Editors’ note: This is a follow-up to yesterday’s article “14 Reasons to Memorize an Entire Book of the Bible.”


First Corinthians takes about 60 minutes to read aloud. It took me about 14 months to memorize the whole letter, and I’ve been spending the last several months reciting the entire letter each morning to lock it in. I’ve spent an average of probably 45 to 75 minutes each morning memorizing the letter. It took less time at first, but it ballooned as I tried to learn and retain more of the letter.

The go-to book on this is Andy Davis’s An Approach to Extended Memorization of Scripture. (See TGC’s interview with Davis.) I’ve essentially tweaked his approach. 

So how do we go about memorizing an extended section or an entire book of the Bible? Here are 11 basic steps I’ve followed and commend to others:

1. Make memorizing part of your daily routine.

You can’t memorize an entire book of the Bible without persistently working on it, day after day. Persevere. Perhaps take Sundays off; I don’t, but I usually review on Sundays rather than try to add more sentences.

2. Strip out all verse numbers.

I love how Andy Davis memorizes extended Scripture, but I disagree with him on this point. He thinks it is “essential” to memorize verse numbers. I think that it’s far better to strip out chapter and verse numbers.

3. Phrase the passage in Hebrew or Greek (if you can), and mirror it as much as possible in English.

Phrasing is a flexible and easy-to-use Bible study tool that allows you to visually trace a passage’s argument: simply indent to subordinate. After I phrase a passage, I try to burn that image into my head as I memorize the passage.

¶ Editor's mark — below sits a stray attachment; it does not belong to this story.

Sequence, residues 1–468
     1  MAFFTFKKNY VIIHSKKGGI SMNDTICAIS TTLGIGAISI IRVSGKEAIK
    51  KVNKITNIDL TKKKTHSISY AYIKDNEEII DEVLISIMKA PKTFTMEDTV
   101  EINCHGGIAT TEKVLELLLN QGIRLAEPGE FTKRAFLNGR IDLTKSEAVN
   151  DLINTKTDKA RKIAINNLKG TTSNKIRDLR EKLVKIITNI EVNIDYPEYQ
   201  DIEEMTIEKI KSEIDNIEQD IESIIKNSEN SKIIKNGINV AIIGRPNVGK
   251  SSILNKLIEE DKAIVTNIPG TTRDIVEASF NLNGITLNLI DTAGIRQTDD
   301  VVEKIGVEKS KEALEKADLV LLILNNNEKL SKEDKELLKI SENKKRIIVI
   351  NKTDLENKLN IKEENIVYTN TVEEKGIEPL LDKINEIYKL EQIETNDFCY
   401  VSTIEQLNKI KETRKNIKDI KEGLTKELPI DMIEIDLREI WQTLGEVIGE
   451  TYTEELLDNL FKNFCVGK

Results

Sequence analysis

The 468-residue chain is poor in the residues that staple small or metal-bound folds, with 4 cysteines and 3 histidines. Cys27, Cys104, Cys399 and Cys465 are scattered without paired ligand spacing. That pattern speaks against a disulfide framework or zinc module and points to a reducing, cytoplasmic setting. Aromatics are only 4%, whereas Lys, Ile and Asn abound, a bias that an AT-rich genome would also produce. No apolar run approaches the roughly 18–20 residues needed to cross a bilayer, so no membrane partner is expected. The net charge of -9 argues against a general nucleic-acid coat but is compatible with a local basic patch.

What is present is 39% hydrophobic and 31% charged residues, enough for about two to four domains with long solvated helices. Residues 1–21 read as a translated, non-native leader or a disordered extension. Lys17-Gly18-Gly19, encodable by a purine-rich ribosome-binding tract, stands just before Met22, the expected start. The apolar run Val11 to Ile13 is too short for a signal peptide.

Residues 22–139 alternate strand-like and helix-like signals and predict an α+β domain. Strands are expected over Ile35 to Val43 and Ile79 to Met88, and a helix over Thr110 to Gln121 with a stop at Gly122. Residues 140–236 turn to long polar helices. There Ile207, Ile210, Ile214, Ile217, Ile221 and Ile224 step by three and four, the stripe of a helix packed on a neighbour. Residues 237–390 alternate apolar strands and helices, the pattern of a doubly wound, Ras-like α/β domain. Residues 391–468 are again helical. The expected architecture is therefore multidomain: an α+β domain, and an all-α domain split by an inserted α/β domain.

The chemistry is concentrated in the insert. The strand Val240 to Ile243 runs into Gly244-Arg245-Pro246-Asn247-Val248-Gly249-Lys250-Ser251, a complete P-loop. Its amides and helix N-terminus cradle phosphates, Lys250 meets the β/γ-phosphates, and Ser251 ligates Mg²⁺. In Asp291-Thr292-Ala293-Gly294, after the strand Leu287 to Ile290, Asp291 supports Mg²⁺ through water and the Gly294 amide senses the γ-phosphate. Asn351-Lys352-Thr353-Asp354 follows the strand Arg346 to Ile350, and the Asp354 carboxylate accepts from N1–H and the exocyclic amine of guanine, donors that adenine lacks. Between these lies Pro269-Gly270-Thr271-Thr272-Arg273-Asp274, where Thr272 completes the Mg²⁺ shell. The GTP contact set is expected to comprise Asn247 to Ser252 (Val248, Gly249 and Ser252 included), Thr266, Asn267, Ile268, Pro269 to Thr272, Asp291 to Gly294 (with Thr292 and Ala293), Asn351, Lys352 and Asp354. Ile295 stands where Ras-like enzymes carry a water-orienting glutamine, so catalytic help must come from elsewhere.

4. Mark up the text.

Italicize words that you want to emphasize when you say them, and color-code lexical and thematic connections.

5. Walk while you memorize.

If I’m inside, I do this on a treadmill, or I pace. But I prefer to do it outside if the weather conditions are right. (I live in Minnesota, so for a good chunk of the year you’ll die if you’re outside for longer than 10 minutes.) I don’t try to memorize while sitting on a chair or lying on a bed. But there are two exceptions: I often recite what I’ve memorized when (a) I’m driving a car alone or (b) I’m falling asleep at night.

6. Select a passage to memorize for that day.

One or two sentences seems about right. Sometimes I do more than that in one day but then spend subsequent days reviewing it without adding any other sentences.

7. Recite the new passage word-perfect 10 times.

Learn it well enough that you can write it out or type it out word-for-word without any mistakes. Then record yourself reciting it audibly ten times. Listen to your recordings as you go so that you correct yourself. Don’t count a mistake as one of your ten times. When using my laptop while walking on a treadmill, I use my laptop’s media player to record myself and a calculator to keep track of how many times I’ve correctly recited the passage. When using my phone while pacing inside or walking outside, I record myself on my phone, and I use a tally-counter app to track how many times I’ve correctly recited the passage. You can take screenshots of the phrased text you’re memorizing so that you can view it on your phone, or you can print it off. I prefer to use screenshots on my phone when I’m first learning short passages, and I prefer paper when I’m working on solidifying long passages.

8. Review regularly.

Record yourself reciting a large passage, and then listen to your recording to catch mistakes. I listen to my recordings on 1.5 or double speed.

9. Record yourself reading the whole book of the Bible in chunks, and listen to those recordings repeatedly.

It’s always a good time to listen to these recordings. Do it (a) before you start trying to memorize those sections, (b) while you are memorizing those sections, and (c) after you have memorized those sections.

10. Study the book you are memorizing.

The better you understand what you’re memorizing, the more deeply the words can take root in your heart. Read through some of the best commentaries on that book. And if you can teach that book (e.g., in a small group or a Sunday school class), it will help you even more since you learn so much by teaching.

11. Seek opportunities to recite what you’ve memorized to other people.

It may be your friends or your small group or a class or a church service. (I recently had the opportunity to recite 1 Corinthians in a church service.) That’s extra motivation to memorize the text really well, and it will edify others. 

Reciting 1 Corinthians from Bethlehem Baptist Church on Vimeo.